Ready to up your roti game? Try making it with millet flour (you can buy whole grain millet and quickly grind it to flour yourself in a blender), mixed with coconut and jaggery; the sweetness pairs beautifully with a spicy curry or earthy dal. Finger millet is traditional, but other common varieties of millet will also work well for this; I use proso millet, which is easily found at my local grocery.
For a gluten-free version, you can make this entirely with millet flour (as was typical in ancient Sri Lanka), but it will be more brittle; white wheat flour adds softness.
1 c. vegetable oil (enough to submerge rotis)
1. Combine first five ingredients in a bowl.
2. Add hot water slowly, mixing to make smooth dough.
3. Turn onto a board, oil your hands, and knead about 10 minutes (the dough will likely be a little sticky). Divide into sixteen portions and form little balls with the dough.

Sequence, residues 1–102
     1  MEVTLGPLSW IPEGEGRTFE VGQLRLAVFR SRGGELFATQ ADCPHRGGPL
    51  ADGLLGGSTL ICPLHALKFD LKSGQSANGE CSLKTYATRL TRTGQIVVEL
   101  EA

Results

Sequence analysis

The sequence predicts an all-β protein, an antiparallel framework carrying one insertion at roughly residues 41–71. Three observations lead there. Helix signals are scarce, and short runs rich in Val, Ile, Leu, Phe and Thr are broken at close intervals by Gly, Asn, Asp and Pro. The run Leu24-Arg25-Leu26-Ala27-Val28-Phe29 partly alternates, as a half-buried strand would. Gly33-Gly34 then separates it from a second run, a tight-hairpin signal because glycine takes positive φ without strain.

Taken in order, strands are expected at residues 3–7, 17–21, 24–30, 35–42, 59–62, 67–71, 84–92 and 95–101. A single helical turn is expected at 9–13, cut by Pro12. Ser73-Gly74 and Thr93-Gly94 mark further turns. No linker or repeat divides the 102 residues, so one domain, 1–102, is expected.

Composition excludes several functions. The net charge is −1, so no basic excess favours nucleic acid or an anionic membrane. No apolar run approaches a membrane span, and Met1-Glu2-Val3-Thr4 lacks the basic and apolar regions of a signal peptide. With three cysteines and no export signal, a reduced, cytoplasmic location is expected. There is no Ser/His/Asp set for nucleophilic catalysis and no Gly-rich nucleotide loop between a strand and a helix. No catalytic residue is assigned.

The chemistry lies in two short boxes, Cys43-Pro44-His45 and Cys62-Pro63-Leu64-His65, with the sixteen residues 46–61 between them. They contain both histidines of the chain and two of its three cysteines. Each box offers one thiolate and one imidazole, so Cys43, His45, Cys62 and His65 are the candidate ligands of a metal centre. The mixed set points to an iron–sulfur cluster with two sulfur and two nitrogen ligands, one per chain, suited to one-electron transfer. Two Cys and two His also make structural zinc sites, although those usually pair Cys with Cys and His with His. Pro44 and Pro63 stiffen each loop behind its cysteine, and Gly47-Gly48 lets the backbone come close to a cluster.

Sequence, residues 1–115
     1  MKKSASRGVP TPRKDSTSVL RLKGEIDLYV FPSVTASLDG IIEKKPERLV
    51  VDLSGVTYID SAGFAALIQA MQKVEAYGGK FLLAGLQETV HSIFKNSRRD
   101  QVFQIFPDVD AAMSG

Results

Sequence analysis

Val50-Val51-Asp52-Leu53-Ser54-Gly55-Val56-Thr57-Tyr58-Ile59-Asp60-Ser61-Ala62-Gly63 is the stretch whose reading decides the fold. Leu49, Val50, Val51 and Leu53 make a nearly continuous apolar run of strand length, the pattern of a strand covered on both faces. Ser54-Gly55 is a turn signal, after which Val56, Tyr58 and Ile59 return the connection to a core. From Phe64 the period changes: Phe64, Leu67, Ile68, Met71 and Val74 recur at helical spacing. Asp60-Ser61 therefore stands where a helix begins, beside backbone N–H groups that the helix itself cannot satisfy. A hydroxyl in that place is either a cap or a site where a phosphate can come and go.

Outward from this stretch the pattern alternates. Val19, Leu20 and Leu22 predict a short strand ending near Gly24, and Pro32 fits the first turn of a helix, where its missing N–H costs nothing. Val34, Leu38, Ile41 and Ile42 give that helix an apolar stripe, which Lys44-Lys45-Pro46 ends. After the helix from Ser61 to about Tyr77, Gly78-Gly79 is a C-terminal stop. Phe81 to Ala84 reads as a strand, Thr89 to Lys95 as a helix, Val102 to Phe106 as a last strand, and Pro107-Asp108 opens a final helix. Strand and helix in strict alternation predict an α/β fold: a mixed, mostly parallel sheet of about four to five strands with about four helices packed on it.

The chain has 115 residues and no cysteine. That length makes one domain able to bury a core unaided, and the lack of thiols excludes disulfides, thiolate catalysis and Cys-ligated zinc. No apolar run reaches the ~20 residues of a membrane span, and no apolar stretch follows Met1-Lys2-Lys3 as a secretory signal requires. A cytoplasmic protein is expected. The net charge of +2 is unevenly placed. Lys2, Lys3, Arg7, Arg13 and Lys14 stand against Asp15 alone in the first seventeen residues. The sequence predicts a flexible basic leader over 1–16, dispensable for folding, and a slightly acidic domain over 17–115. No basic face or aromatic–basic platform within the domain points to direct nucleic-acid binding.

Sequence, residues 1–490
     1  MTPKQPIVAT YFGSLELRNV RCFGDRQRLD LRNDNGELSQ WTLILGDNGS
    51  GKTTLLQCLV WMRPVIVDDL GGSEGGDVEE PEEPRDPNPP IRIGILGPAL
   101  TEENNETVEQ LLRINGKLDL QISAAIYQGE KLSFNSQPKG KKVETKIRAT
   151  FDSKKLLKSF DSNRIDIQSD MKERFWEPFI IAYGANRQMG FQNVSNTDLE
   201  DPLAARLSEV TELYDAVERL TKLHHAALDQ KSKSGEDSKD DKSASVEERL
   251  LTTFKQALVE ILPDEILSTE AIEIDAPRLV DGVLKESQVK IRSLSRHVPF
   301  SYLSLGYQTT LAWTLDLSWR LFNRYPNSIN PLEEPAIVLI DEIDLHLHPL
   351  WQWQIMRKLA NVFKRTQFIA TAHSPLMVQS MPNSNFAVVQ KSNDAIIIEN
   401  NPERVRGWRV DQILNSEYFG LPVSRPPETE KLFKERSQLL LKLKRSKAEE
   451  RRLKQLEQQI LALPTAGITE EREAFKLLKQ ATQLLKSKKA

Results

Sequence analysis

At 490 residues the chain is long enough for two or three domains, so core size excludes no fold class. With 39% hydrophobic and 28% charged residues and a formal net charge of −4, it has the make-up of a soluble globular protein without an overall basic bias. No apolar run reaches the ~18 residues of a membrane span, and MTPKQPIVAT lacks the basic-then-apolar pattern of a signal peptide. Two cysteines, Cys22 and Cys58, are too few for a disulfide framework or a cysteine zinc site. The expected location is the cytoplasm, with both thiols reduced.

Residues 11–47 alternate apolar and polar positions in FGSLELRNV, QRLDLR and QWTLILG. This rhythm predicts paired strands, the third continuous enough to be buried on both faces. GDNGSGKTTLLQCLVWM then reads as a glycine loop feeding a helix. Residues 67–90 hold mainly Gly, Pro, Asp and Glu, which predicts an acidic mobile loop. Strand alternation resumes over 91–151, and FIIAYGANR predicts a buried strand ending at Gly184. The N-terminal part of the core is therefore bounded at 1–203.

4. Pour oil into a flat tray; submerge balls in oil. (It’s a lot of oil, but if you make roti regularly, you can save it and re-use it time after time.)
5. Heat a frying pan (either nonstick, or plan to drizzle a little oil in the pan as needed to prevent sticking). Take a ball of dough, flatten into a circle, and roll out (or use the heel of your hand to flatten) until fairly thin — as thin as you can get it without tearing. This requires a gentle touch, as millet dough is more prone to tearing than wheat dough.
6. Cook each roti separately on high, turning over after about thirty seconds to cook the other side. They will brown slightly. Remove to a plate, covering them each time with a clean dishtowel, to keep warm. Serve either warm or at room temperature.